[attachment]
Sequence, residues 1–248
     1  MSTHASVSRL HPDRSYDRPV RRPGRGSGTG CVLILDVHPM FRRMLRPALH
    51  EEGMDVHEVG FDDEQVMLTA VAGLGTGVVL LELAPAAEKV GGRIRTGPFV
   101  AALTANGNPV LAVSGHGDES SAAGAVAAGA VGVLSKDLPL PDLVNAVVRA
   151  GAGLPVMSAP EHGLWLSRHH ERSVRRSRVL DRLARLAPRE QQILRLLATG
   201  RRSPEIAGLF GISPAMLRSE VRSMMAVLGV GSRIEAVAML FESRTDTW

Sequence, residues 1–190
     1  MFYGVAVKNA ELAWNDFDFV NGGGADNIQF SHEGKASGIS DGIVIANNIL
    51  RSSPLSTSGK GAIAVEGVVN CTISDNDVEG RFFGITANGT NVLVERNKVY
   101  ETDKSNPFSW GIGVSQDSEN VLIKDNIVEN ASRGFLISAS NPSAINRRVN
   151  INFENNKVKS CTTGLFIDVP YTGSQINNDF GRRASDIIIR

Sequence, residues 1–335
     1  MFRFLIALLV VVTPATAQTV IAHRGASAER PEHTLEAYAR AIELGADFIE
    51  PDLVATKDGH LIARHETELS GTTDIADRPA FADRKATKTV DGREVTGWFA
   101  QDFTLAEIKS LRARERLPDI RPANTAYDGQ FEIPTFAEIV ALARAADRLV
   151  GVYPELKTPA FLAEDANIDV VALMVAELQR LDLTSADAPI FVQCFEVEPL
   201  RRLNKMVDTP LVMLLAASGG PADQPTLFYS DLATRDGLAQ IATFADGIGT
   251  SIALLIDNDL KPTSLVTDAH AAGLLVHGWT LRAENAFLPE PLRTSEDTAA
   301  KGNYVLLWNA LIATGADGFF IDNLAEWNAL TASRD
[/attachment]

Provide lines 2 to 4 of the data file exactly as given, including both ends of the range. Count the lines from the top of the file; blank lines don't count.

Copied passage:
     1  MSTHASVSRL HPDRSYDRPV RRPGRGSGTG CVLILDVHPM FRRMLRPALH
    51  EEGMDVHEVG FDDEQVMLTA VAGLGTGVVL LELAPAAEKV GGRIRTGPFV
   101  AALTANGNPV LAVSGHGDES SAAGAVAAGA VGVLSKDLPL PDLVNAVVRA